An agroecological ontology also necessitates a change in the way we think about the space and the movement of pathogens. In conventional systems, healthy spaces and the desirable bodies they contain (livestock animals in a shed, cereal crops in a field) are guarded to protect against breaches of potentially dangerous pathogens. In agroecological systems, the co-presence of multiple life forms (both wanted and not) is seen as inevitable. So, instead of seeking to (chemically) destroy unwanted life on the farm to preserve the system’s sterility, agroecological practitioners look to thwart the progress of a pest by creating an ecological environment hostile to its unchecked proliferation. Agroecological systems, for this reason, protect crops and livestock animals via the presence of life (diverse rotations, biodiversity features, complex soil ecologies), not just by the absence of the pathogen in question. The borderlines of conventional and intensive disease prevention systems morph into borderlands of multispecies contact (Hinchliffe et al., 2013; Hinchliffe et al., 2016); whilst pest and disease outbreaks shift from a problem of contamination to configuration (Cusworth and Lorimer, 2024).

3 Methodology: science for agroecological controls

What sort of science is needed to develop and refine agroecological crop protections? Whereas controls that are reliant on chemical inputs have emerged from a research agenda predicted on target action sites for herbicides, insecticides, and fungicides, agroecological systems that seek to manage pathogens via intervention in the farm’s entire agroecosystem need a different approach. Their focus needs to be trained on disease implications of interactions between crop types, tillage regimes, soil, insects, buffer strips, precipitation, and they must ask how a set of ecological qualities can be installed on the farm to frustrate the spread of a pathogen. Such methods consider natural host-predator relationships, soil health, and the disease suppression achieved through agroecological diversity.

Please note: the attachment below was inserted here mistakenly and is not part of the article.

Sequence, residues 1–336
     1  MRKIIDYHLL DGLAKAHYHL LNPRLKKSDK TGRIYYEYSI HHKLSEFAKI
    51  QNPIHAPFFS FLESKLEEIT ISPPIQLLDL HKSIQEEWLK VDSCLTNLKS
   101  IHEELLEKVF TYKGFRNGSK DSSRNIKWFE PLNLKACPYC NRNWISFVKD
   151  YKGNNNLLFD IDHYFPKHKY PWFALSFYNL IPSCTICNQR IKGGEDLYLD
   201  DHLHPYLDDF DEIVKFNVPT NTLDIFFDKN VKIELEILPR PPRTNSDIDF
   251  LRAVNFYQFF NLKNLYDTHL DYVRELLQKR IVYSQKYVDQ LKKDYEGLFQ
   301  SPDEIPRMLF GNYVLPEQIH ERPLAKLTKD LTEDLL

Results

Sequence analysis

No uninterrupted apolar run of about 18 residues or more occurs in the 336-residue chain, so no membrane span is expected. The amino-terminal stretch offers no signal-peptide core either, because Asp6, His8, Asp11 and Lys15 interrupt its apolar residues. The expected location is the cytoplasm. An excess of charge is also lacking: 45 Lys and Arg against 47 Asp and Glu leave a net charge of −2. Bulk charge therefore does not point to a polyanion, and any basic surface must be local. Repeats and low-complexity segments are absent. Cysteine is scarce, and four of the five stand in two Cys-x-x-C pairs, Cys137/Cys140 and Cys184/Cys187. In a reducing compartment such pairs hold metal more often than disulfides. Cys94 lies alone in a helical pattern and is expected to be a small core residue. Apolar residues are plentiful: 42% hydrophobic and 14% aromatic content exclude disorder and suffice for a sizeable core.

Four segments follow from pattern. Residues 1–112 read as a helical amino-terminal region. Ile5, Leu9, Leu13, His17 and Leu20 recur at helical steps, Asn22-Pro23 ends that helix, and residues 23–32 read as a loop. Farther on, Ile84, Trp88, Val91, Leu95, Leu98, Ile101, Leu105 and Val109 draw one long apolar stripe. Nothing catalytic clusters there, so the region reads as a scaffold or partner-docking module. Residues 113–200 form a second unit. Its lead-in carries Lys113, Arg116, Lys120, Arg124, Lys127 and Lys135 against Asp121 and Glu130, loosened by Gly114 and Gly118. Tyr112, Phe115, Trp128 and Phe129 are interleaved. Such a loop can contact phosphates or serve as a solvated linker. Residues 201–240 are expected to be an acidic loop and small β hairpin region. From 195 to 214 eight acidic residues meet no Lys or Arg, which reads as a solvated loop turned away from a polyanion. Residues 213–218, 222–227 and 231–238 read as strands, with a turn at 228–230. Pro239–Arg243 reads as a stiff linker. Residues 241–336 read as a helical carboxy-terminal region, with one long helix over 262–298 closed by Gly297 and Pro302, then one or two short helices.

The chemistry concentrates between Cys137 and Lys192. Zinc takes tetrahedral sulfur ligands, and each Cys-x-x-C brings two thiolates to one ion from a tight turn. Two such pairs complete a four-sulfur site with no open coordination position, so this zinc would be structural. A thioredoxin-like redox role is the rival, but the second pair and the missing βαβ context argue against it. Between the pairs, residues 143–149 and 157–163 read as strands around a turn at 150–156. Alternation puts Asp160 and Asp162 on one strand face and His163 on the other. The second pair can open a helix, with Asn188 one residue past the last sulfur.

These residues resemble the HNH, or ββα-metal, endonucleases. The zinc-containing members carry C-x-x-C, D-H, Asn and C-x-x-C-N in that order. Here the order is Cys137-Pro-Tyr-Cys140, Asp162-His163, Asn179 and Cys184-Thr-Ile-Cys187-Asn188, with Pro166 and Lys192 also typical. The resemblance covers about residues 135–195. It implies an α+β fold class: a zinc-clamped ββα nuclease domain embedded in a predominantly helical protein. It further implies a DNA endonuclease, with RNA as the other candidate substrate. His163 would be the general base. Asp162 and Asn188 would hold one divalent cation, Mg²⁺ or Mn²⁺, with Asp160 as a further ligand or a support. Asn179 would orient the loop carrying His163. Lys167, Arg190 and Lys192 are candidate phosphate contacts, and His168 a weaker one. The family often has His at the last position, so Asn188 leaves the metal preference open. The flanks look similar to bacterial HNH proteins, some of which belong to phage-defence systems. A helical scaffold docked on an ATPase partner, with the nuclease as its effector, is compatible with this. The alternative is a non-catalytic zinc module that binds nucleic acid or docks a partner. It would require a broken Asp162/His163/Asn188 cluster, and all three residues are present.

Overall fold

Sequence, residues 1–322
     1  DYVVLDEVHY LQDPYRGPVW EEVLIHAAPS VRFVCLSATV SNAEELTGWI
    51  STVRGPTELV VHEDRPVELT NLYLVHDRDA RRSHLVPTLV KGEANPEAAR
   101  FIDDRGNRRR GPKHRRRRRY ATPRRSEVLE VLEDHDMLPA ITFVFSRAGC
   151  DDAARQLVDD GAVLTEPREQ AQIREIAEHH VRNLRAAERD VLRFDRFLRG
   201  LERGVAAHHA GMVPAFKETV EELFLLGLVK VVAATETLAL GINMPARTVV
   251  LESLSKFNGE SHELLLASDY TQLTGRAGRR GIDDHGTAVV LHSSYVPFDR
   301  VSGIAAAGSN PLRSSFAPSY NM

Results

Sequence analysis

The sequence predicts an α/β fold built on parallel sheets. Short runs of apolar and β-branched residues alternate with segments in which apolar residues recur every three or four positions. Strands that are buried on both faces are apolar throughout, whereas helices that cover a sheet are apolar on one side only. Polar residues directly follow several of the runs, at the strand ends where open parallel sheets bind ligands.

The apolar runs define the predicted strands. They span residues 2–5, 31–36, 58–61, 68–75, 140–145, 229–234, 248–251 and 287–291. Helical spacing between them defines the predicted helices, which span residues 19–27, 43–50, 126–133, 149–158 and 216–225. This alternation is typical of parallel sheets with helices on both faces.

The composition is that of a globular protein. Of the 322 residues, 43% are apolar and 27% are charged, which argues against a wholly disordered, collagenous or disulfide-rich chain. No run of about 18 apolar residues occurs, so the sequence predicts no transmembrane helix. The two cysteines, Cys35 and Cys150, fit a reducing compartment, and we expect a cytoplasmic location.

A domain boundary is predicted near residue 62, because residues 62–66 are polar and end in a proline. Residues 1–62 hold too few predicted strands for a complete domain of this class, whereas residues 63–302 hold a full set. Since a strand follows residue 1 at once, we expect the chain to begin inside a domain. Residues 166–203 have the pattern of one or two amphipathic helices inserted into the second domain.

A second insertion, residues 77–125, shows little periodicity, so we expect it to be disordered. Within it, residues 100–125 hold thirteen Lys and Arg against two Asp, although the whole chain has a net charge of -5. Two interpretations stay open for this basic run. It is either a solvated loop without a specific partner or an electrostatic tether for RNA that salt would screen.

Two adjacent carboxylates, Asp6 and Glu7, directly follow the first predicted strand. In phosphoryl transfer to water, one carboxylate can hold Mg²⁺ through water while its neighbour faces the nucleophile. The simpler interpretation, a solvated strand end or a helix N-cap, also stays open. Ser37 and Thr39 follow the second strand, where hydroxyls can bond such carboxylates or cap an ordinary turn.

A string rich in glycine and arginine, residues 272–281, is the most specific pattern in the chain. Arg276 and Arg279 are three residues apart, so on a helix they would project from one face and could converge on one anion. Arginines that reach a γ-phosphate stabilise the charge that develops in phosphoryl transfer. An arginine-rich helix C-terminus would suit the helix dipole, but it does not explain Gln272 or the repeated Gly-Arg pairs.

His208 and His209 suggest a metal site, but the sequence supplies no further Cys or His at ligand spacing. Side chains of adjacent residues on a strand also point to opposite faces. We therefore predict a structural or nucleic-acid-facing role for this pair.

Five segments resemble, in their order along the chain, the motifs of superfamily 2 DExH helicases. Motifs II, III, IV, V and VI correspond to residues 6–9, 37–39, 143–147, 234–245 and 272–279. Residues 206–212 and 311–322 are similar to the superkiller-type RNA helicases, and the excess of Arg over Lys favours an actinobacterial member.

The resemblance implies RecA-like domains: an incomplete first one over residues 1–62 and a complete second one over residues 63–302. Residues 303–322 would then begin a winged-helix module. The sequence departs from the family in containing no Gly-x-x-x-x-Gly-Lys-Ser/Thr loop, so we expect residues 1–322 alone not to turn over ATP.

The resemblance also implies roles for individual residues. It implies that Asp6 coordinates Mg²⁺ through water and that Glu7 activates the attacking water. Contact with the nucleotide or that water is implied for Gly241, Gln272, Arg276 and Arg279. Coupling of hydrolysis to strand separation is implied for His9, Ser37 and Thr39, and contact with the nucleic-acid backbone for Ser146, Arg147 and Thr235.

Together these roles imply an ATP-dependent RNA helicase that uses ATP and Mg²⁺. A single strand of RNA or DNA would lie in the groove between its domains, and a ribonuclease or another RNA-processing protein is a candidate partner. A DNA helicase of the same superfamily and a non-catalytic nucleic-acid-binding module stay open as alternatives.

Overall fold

The difference between these two approaches is reflected in the difference between the terms reductionist and holistic science (Jordan, 2013). Where reductionist methods evaluate atomistic elements of a system, holistic methods consider the functioning of those systems in the round. The latter strive to accommodate the complexity that characterises rich, dynamic, and diverse ecosystems such as those that installed in agricultural landscapes. Agroecological research programmes, for this reason, experiment with different crop rotations, tillage regimes, cover crops etc. over multi-annual periods, assessing the protections afforded to crops and animals by reconfiguring the farm’s ecosystem (Deguine et al., 2023).

A relevant body of research is seeking to understand how to translate (Seyhan, 2019) agronomic research into workable guidance for farmers managing farms out there in the world. To facilitate this translational work, agroecological research projects (along with those developing Integrated Pest Management techniques) use working farms like living labs (Mambrini-Doudet et al., 2023), experimenting with techniques that are designed to be appropriate and feasible for those in the farm sector. There, the empirical eye focusses both on the pathogen implications of the agroecological controls being studied, as well as their economic and yield outcomes. These research variables represent important factors for managers making decisions about the running of their farms. They can be used to attend to the political injustices associated with the economics of farm management; both in terms of pressure they exert on individual farmers, and as a set of forces shaping the sector in more aggregate terms.

For a related set of reasons, there is also growing agroecological interest in peer-to-peer learning. This amounts to a decentralisation of intellectual and scientific authority in the agricultural sector: away from the R&D departments of large ag-chemical firms, and out to individual farmers and cluster groups developing agroecological controls that work for their landscapes and systems. Here, farmers and other actors question the utility of off-the-shelf agronomy advice, and pivot towards considerations of context-specificity and practicability. This contradicts the universalising ambitions of the Green Revolution, in which knowledge and best-practice for pest and disease control was taken to be universalizable and applicable irrespective of location, context, or history.